Genius Directed by Michael Grandage

Genius Directed by Michael Grandage
5
There are plenty of movies based on books, but much fewer on the actual act of writing itself. There's a reason for that: writing is a quiet, arduous and complicated process, most of it occurring in the creator's mind. It doesn't lend itself well to the visual medium of movies.
 
That is, unless you're Thomas Wolfe. He wrote on the top of his refrigerator; he used to fill crates with reams of written material. In other words, he was an editor's worst nightmare. The process of bringing his prose to the masses is the subject of Michael Grandage's directorial debut, Genius — a film about the bond between the author and his world-famous editor Max Perkins (played by Colin Firth).
 
Based on the 1978 National Book Award-winner Max Perkins: Editor of Genius by A. Scott Berg, Genius tells the story of how the Scribner's editor helped turn Wolfe (played by Jude Law) into one of the defining American authors of the day.
 
The story is close to the heart of Chicago playwright-turned-Hollywood screenwriter John Logan (his credits include Gladiator, as well as the last two James Bond films). After reading Berg's book in the mid '80s, he developed a friendship with the writer and decided to buy the book outright to turn it into a movie. Thus began a 15-year process of writing and refining between the two writers that, in a lot of ways, mirrors the working relationship of the film's two leads.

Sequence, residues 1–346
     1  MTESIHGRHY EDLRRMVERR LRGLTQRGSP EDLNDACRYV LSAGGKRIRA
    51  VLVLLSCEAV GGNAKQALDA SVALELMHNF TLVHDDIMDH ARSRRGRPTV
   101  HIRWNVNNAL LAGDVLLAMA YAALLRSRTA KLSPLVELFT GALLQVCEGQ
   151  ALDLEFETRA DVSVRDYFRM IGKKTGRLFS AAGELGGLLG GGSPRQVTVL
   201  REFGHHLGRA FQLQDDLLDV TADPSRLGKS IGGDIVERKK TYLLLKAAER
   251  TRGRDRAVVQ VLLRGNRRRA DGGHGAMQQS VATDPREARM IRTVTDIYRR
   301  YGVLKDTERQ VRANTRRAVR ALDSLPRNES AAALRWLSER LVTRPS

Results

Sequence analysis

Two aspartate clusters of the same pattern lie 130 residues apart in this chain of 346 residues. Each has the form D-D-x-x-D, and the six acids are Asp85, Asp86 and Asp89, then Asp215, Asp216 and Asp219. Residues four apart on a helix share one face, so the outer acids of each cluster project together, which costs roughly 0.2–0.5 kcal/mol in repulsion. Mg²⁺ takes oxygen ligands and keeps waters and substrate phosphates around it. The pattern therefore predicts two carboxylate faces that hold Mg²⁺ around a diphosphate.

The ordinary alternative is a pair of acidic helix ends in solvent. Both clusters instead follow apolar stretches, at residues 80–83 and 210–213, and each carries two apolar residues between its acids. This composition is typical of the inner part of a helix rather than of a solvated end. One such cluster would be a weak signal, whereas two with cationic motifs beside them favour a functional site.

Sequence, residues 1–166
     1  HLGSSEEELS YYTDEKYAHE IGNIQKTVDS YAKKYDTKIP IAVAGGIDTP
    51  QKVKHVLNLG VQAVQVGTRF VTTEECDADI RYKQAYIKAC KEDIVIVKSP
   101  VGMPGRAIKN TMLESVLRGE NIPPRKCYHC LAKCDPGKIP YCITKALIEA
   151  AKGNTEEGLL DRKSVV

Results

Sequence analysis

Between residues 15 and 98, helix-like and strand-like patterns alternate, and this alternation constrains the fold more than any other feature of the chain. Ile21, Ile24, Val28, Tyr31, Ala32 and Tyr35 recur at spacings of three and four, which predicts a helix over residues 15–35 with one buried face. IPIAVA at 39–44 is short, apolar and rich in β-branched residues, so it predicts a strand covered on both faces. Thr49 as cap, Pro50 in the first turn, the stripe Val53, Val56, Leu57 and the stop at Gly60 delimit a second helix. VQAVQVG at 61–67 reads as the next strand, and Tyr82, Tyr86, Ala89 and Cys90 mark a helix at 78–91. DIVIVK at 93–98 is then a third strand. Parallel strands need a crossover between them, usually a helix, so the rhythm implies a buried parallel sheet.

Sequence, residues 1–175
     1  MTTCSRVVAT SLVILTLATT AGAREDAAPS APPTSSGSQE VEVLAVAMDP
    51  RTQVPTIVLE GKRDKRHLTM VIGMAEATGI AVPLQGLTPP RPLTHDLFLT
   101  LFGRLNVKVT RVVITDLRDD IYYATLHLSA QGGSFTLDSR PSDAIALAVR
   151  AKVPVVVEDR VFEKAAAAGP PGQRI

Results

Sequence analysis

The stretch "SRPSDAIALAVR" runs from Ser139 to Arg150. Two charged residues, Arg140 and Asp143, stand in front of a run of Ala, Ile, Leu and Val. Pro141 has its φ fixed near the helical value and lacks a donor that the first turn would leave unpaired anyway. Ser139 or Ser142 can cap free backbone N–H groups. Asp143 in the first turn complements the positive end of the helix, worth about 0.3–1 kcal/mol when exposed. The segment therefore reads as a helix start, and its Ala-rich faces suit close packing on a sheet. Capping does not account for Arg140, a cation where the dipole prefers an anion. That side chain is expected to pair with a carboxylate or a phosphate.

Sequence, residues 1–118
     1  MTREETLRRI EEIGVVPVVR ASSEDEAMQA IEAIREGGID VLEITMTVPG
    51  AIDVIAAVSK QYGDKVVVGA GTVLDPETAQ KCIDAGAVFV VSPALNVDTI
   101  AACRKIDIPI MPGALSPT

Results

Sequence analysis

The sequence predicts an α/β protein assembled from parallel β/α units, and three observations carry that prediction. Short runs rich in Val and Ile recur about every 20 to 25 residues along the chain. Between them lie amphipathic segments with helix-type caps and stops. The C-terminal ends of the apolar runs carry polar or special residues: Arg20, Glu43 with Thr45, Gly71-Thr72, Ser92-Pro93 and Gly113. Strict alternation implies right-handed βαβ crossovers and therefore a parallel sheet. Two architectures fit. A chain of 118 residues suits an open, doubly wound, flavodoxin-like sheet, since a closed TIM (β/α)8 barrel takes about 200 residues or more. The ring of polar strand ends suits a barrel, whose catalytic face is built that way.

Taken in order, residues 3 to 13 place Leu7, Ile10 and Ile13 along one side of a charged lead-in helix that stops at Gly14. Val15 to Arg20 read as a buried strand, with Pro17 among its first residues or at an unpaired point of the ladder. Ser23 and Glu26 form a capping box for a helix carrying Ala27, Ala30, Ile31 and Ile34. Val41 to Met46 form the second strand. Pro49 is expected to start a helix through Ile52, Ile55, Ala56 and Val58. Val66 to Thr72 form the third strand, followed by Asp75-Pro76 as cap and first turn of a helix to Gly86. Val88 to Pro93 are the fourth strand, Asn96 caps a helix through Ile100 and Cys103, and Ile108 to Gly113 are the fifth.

Ironically, though, for a film about the process of bringing an author's pages to the press, Genius could have used a few more sets of eyes.
 
Maybe it's because work began back in the early 2000s, but Genius' script and story seems a bit behind the curve, stuck in a time when period pieces ruled the Oscars. It has an all-star cast (Laura Linney and Nicole Kidman play their romantic partners, while Guy Pearce and Dominic West play F. Scott Fitzgerald and Ernest Hemingway, respectively), but their penchant for profound statements grows tiring by film's end. Its visuals — a hodgepodge of Depression-era New York City and its even bleaker neighbouring countryside — are equally drab.
 
Speaking of tiring: This is either Law's worst or best role, depending on which school of acting tickles your fancy. If you think big, wild gestures and over-enunciation equals an award-worthy performance, then Genius is for you, but otherwise, it's a bit of a slog. Conversely, the film's female leads are given little, if anything, to chew on, with Linney playing an underappreciated playwright and mother with little screen time, and Kidman as Wolfe's cold-hearted lover.
 
During his heyday, Wolfe dreamed of being his generation's Dostoyevsky, and nearly got his wish (though time has mostly forgotten him). Genius, similarly, looks to connect on a larger level, but merely lands a rung above mediocrity.

(Elevation Pictures)